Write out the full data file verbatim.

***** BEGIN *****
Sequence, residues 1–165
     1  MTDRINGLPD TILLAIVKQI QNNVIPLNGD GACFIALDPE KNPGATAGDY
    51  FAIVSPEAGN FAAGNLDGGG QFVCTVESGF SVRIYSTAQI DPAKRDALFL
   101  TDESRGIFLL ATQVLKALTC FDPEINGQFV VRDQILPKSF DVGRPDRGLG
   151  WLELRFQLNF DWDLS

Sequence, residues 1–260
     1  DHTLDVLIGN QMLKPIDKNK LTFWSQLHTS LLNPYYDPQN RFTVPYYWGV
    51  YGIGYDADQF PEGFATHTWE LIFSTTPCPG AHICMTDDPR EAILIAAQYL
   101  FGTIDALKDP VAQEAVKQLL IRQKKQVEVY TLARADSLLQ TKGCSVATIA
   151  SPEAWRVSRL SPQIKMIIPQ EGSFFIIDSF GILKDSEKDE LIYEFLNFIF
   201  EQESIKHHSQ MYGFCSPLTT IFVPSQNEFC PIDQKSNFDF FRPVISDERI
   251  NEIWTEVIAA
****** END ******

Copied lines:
Sequence, residues 1–165
     1  MTDRINGLPD TILLAIVKQI QNNVIPLNGD GACFIALDPE KNPGATAGDY
    51  FAIVSPEAGN FAAGNLDGGG QFVCTVESGF SVRIYSTAQI DPAKRDALFL
   101  TDESRGIFLL ATQVLKALTC FDPEINGQFV VRDQILPKSF DVGRPDRGLG
   151  WLELRFQLNF DWDLS

Sequence, residues 1–260
     1  DHTLDVLIGN QMLKPIDKNK LTFWSQLHTS LLNPYYDPQN RFTVPYYWGV
    51  YGIGYDADQF PEGFATHTWE LIFSTTPCPG AHICMTDDPR EAILIAAQYL
   101  FGTIDALKDP VAQEAVKQLL IRQKKQVEVY TLARADSLLQ TKGCSVATIA
   151  SPEAWRVSRL SPQIKMIIPQ EGSFFIIDSF GILKDSEKDE LIYEFLNFIF
   201  EQESIKHHSQ MYGFCSPLTT IFVPSQNEFC PIDQKSNFDF FRPVISDERI
   251  NEIWTEVIAA